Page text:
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UN Disarmament Official Urges Progress on Nuke Ban Treaty

By Izumi Nakamitsu

The author is High Representative for Disarmament Affairs, United Nations. Following are excerpts from her address to the second substantive session of the 'UN Conference to Negotiate a Legally Binding Instrument to Prohibit Nuclear Weapons, Leading towards Their Total Elimination' in New York on June 15, - The Editor.

UNITED NATONS (IDN) - In accordance with (the UN General Assembly) resolution 71/258, these negotiations aim to achieve a clear legal prohibition of nuclear weapons. These talks are truly historic, as they represent the most significant negotiations in the area of nuclear disarmament.

Nuclear disarmament has been the longest sought objective of the United Nations, dating back to the very first resolution adopted by the General Assembly, in January 1946.

We have seen some impressive gains since that time. Yet, it has been more than twenty years now since United Nations disarmament bodies have produced a multilateral legally binding instrument on nuclear weapons.

The lack of progress in recent times is despite the growing urgency posed by the deteriorating international security landscape and by the new awareness of the devastating humanitarian consequences if nuclear weapons were ever to be used again. The heroic and tireless efforts by Hibakusha guide the international community to move towards a world without nuclear weapons.

The need for progress is clear. And yet there seem to be no near-term prospects for further reductions. Some countries are actively improving and modernizing their nuclear arsenals. Promising multilateral initiatives remain blocked.

Some even question whether in this environment of increasing security tension the further pursuit of nuclear disarmament should be pursued. But, it is important to recall that measures for disarmament have served historically as a means to ease international tensions and to prevent conflict. The international community has also long recognized that partial measures and systematic steps are needed to facilitate the elimination of nuclear weapons.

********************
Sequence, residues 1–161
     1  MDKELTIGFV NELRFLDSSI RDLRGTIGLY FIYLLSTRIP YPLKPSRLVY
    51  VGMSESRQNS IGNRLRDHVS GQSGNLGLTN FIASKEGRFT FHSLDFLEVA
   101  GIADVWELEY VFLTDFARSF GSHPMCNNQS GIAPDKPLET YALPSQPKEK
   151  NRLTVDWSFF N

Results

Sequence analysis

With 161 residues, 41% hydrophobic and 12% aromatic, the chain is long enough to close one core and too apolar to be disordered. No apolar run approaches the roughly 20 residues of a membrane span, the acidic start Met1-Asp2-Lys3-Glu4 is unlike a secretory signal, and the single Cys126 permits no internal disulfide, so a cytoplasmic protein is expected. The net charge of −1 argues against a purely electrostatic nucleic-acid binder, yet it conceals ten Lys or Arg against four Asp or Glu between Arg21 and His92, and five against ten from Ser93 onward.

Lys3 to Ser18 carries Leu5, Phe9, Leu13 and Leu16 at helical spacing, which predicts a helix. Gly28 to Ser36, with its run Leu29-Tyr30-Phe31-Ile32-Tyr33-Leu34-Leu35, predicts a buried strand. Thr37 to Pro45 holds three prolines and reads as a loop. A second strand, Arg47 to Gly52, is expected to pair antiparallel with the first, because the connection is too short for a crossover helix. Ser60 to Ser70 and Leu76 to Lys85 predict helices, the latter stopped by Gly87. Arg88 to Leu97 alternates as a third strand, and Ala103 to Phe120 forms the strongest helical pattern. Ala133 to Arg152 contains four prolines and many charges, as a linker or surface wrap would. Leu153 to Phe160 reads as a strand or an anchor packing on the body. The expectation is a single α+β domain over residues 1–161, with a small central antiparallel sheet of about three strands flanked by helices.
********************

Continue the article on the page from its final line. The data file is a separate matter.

In this spirit, I hope that . . . negotiations result in an effective instrument that complements and strengthens existing instruments, especially the Nuclear Non-Proliferation Treaty, the Comprehensive Nuclear-Test-Ban Treaty and the treaties establishing nuclear-weapon-free zones.

In my view, it will also be critical that the outcome of your negotiations build a bridge to the future in order to facilitate the inclusive engagement which we will need in order to achieve the total elimination of nuclear weapons.

In order to accomplish these aims, I believe great care should be taken in finalizing an instrument that is legally sound, technically accurate and politically wise. If these aims can be accomplished, the outcome of your work can make an important contribution to the advancement of nuclear disarmament.

The UN Office for Disarmament Affairs is pleased to support the convening of this Conference mandated by the General Assembly, and will endeavour to do its best to assist your work. I wish you all the best for your proceedings in the next three weeks. [IDN-InDepthNews – 15 June 2017]

Photo: Izumi Nakamitsu addressing first session of the NPT Review Conference 2020 in May 2017 in Vienna. Credit: UNIS Vienna / Agata Wozniak

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